Kurds and Displaced Arabs Compete for Land

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June 13, 2003

Kurds and Displaced Arabs Compete for Land


NEAR BASHIQA, Iraq, June 12 In a sun-scorched field shorn of its barley crop, Suleiman Edbas Ibrahim, an Arab farmer, was already worrying about winter.

He, his wife and their nine children were recently left without a house. They are among hundreds of Arab families displaced by Kurds, who were driven from the area during Iraq's most sweeping ethnic cleansing campaign. The campaign took place over 30 years, but began here in 1975.

Since the war, Kurds have begun to return to their original farmland and homes in Iraq's north. Arabs are now migrating back to lands in the center, south and west of Iraq. About 100 villages have been affected, said Peter Bouckaert, senior researcher at Human Rights Watch, who is now in north Iraq working on the issue.

But not everyone has a home or land to go back to. Mr. Ibrahim, for example, came from the Al Jazeera desert in Iraq's west. The Iraqi regime ordered his entire extended family to resettle here on Kurd lands. They got modest compensation for their houses, and then were moved to villages here. Nothing is left to go back to, he said.

"Let's be honest, we didn't come on our own," said Mr. Ibrahim, sitting beside his tent with his children sitting around him. "The government forced us to come and forced the Kurds to leave. That's the reality."

American officials acknowledge the problem, but say they are powerless to solve it generally until a national policy is put into place that would handle all the land claims equally. Until then, military officers have been working on the ground, brokering individual agreements between Arabs and Kurds.

"It is a serious problem," said Capt. Katrina Bryant, who runs the Internally Displaced Peoples team in the American civil affairs office in Mosul. Her advice for Arabs with nowhere to go, she said, was, "Just be patient and wait until we can handle this legally."

But Mr. Ibrahim, and about 50 other families from the village he was forced to leave, said he was tired of waiting. His baby girl died three weeks ago, he said, from heat stroke. He has been selling his sheep, one by one, to get money for food. He drives his 1976 Toyota pickup half an hour to the nearest city to buy food and water for his family.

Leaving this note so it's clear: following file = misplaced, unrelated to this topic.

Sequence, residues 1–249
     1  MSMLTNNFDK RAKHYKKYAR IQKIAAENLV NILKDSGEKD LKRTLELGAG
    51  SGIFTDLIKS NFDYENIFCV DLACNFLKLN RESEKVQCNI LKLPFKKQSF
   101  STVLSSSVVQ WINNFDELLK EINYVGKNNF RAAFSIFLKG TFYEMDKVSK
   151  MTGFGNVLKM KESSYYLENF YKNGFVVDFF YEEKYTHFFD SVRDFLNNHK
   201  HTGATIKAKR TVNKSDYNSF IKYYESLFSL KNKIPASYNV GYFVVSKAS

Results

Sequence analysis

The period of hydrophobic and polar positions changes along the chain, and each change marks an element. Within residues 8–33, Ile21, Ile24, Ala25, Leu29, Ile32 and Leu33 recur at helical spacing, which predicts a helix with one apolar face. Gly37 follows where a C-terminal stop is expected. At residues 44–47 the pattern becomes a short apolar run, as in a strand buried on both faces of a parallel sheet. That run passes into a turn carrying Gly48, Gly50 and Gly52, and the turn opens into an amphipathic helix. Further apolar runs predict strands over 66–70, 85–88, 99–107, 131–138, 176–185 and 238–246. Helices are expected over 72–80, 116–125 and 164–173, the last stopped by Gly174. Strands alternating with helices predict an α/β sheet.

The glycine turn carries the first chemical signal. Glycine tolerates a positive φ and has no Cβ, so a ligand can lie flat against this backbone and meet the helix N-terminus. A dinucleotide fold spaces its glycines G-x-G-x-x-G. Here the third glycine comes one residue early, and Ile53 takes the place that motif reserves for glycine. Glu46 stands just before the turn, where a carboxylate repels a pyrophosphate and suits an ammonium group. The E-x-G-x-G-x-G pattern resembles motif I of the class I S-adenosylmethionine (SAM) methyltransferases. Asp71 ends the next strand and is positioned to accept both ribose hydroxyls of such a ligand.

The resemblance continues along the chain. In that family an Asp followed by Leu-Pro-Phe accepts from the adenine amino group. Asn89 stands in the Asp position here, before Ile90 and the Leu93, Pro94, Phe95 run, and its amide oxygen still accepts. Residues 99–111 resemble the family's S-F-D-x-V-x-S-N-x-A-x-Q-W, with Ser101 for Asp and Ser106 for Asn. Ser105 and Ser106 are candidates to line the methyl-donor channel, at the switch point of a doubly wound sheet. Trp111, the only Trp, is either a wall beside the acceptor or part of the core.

"When it rains, we get wet. I don't care about politics or democracy. I don't have a place for my family to live. Now is summer. In winter, we cannot stay here."

Homeless Arab families here are hard to spot. They do not live in vast tent cities. Most have sheep and must live far from other tents to give them room to graze. Nearby, in what used to be a resort area called Shalalat, between 20 and 30 families are living in an abandoned store, and in tents next to an amusement park.

"The needs of the displaced are hard to meet because they are so widely dispersed," said Mr. Bouckaert. "Many of the families are in a desperate situation, with no clean water and sick children."

An hour's drive north along the highway is the village Mr. Ibrahim has been forced to leave. The village, Chamrash, is on a high hill with a view of purple mountains. Mr. Ibrahim's large mud house is perched on the highest point in the village. It has had electricity for several years, since he struck a deal with the local power company.

The Kurdish family that now lives in the house freely acknowledges that it is not theirs. During the war, Mr. Ibrahim took his family to safer territory. When he returned, the Kurdish family was living there. They flipped a coin to decide who would own it.

The Kurds say their house was destroyed in 1975 by the Iraqi government. Hayat Ismail, the wife of the Kurdish farmer, recalled being driven from her home in Chamrash. Iraqi soldiers came during the day, and loaded them into trucks. She bore all 12 of her children in a village far from Chamrash, the place she called home.

"They beat us," she recalled of the deportation. "It was the year of my marriage."

Land disputes here were foreseen by relief organizations long before the war. Mr. Bouckaert criticized war planners for arriving in the north without a plan for untangling claims.

"The real failure is that the claims process is not in place," he said. "You are just dealing with Band-Aid solutions, with coalition forces saying, `Please stay put.' If the Arabs feel their claims weren't fairly addressed, you'll be left with a lot of bitterness at the end of the day."

This week Mr. Ibrahim's family is occupied with bringing in the harvest. The coalition forces have negotiated an agreement for them to receive half of the barley and wheat grown by the Arabs. Mr. Ibrahim has all but given up on his half, mainly because he does not trust the Kurds, now on the land, to divide it evenly.

In other regions, American soldiers patrol the sky and ground to ensure a fair division.

The Kurds said Mr. Ibrahim came to talk to them on Friday. He came to get a mattress and other miscellaneous items he had left four tires, and several tractor parts. The families were civil to one another. But tension hummed behind their words.

"His wife was crying," said Ms. Ismail. "She said, `We don't have a place to stay.' She said they were living in a tent."

"They were lying," she said.

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